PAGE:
In 1787, tensions in India between Britain and France were high. The East India Company decided to raise four new regiments to defend its interests there. However, by the time they were formed, the threat of war had passed and the Company refused to pay for them.
Parliament therefore passed the East India Declaratory Act requiring that troops deemed necessary for the security of overseas territory be supported by revenues from that area. The British Army took the regiments on strength, but the East India Company was forced to pay.
One of these four units was the 77th (Hindoostan) Regiment, a unit which had no link to two previous line regiments with that number.
The regiment landed in Bombay a year after its formation. This began a 19-year stay in India, which included the Siege of Seringapatam (1792) in the Third Mysore War (1790-92) and the capture of the Dutch settlements in Ceylon (now Sri Lanka) in 1795.
The unit was also part of the ‘Forlorn Hope’ at the storming of Seringapatam (1799) during the Fourth Mysore War (1798-99).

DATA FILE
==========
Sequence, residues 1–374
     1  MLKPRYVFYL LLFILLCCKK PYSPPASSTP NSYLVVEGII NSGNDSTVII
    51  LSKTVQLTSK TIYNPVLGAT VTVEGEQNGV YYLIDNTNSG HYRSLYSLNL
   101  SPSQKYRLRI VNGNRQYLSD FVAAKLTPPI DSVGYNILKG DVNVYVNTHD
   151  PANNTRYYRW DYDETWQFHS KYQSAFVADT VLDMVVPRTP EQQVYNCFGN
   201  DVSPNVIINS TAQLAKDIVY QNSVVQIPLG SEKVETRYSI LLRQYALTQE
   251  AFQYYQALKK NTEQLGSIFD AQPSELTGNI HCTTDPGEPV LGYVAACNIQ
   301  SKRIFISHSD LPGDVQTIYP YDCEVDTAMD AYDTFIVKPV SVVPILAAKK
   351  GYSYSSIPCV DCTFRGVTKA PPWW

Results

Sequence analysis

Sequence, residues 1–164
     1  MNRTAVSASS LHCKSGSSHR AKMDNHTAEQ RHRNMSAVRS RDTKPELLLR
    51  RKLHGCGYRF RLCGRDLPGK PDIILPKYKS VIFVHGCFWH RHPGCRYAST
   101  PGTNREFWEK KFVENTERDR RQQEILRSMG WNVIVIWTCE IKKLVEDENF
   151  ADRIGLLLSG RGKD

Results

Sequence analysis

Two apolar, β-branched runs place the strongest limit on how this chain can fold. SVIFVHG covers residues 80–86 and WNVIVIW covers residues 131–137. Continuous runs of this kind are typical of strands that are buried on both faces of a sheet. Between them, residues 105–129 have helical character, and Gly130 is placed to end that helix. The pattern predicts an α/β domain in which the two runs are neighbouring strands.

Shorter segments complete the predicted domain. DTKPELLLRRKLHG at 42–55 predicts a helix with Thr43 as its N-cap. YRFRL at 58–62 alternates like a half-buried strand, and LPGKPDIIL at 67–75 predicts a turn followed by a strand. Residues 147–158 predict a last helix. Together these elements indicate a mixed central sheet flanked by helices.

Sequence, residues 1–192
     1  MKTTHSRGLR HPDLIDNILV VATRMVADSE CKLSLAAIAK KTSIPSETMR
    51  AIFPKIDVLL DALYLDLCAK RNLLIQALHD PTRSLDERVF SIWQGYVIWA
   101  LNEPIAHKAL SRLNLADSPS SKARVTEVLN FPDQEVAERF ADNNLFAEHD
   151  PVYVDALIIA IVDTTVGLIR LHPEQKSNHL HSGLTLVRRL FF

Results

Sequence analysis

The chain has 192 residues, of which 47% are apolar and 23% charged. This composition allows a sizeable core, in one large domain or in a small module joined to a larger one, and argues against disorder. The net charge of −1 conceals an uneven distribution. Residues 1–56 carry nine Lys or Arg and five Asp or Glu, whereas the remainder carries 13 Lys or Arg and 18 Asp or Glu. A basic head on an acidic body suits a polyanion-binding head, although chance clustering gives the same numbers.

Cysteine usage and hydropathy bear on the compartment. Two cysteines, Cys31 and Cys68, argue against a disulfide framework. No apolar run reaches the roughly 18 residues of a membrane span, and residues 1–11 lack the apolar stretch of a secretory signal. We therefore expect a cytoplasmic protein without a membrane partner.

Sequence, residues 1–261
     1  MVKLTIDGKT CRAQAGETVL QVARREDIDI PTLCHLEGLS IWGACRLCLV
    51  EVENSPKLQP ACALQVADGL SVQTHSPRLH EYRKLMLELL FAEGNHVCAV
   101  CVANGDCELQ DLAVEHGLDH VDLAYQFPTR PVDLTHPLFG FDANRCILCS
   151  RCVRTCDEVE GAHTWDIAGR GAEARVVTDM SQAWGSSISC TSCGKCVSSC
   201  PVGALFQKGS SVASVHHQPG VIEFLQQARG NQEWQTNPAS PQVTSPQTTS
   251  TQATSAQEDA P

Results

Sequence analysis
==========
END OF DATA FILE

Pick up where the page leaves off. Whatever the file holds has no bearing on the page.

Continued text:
It returned to Britain in 1807. That same year, it took over the county association for East Middlesex from the 39th Foot.
In 1810, the Prince of Wales granted the regiment the right to use his plumes and motto on its badge, in recognition of its Indian service.
In 1809, it took part in the abortive landings at Walcheren in the Low Countries. Then, in 1811, it joined the Peninsular War (1808-14).
It served until the end of the campaign and was one of the three regiments that stormed the breach at Ciudad Rodrigo (1812). It also fought at Bayonne (1814) and was the last British unit to leave France in 1814.
From 1814 until 1854, it undertook garrison duties in England, Ireland, Jamaica, Nova Scotia, Corfu and Malta. It then served during the Crimean War (1854-56), fighting at the Alma (1854), Inkerman (1854) and the Siege of Sevastopol (1854-55).
After a brief spell in Britain and Ireland, it sailed to India in 1857 to help suppress the Mutiny (1857-59). Returning to Britain in 1870, it became the first British regiment to travel through the Suez Canal. Further service in Britain and Ireland followed.
In 1876, the regiment incorporated ‘The Duke of Cambridge’s Own’ into its title, an honour granted by Prince George, Duke of Cambridge, the Army's Commander-in-Chief.